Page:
Reviewed by Ian Lipke
Echo Lake was meant to scare its readers. It is the standard “who-dunnit” that, apart from the aim of untangling clues and deciding who caused the death of Victim X, builds an image that scares the reader as it unfolds. It is the author’s intention that readers should be left uncomfortable for as long as possible. That is not to say that Joan Sauers is another Stephen King, but rather that her stories roll along comfortably, each contributing their bit to making its readers increasingly tense.
This story begins with a short segment that suggests a stalker is about his business. The exact dynamics are never made completely clear but the suggestion is planted that a murder has happened. It soon becomes clear that a beautiful young woman had gone missing, not to be found until six years had passed.
The pace in the early chapters matches the bucolic nature of a small town in the Southern Highlands of New South Wales. In order to give the story some life a recently divorced historian decides to start her life over again in the town. At this point one of the almost-unbelievable events occurs – a roll of film is found buried in the historian’s garden. When the negatives are developed, photos of the missing woman are found among many pictures of garden grass. After many hours contemplating the likelihood of this happening, the films remain in the unbelievable category in my mind.
Just as far-fetched is the response of local chief Detective Inspector Blackmore who spends untold hours of patient police time listening to and following up the hypotheses of an amateur sleuth. Newcomer to town Rose McHugh has the time to decipher tangled secrets that have long been buried; he has not. Yet out of all of her wandering speculation, she is proved right. A murderer does exist.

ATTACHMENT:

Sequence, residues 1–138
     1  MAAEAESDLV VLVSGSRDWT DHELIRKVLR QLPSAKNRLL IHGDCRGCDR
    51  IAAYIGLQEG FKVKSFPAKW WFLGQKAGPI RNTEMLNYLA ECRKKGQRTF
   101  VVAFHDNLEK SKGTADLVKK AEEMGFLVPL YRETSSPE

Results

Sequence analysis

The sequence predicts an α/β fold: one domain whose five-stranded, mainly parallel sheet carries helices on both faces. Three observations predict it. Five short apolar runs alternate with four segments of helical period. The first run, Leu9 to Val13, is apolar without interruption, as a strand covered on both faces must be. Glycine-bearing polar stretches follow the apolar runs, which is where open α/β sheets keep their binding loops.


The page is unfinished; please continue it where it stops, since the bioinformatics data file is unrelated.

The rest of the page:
All the characters are matched to the environments in which they have been placed. Blackmore is a country policeman and less sensitive than his city cousins. He does not understand that she wants to create a new garden herself. When the SOCO crowd destroy Rose’s garden, he has no problem directing where the rhododendron should be replanted, his attitude being that Rose would not have the capability of replanting a simple garden. Since Rose is a city person, she requires his assistance. It does not occur to him that she may have sensitivities that should not be ignored. This attitude leads to a turning point in the tale. Believing that a romance might be developing between Rose and the policeman, readers receive a mild shock to find Rose beginning to refrain from sharing her thoughts and to openly begin to mistrust him.
A problem I find with the story is the identification of who plays which role. Who is the real killer? Who is the real hero? In the closing pages of the book, readers are still sorting out who can be trusted. Who is Rose likely to be safe with? Where did Kim disappear to? Rose did not know, and for long periods neither did the reader?
What is told very strikingly is the reality of life in the mountains. Country people are much the same the world over and these village people struck me as authentic. An example of a ‘type’ (not a villager in this example) is Sauers’ description of Sam who, it is obvious to all has been imbibing a little too freely.
One of the great saving graces of this book is the author’s ability to laugh at herself – somebody must.
by Joan Sauers
Allen & Unwin
$32.99; 386 pp.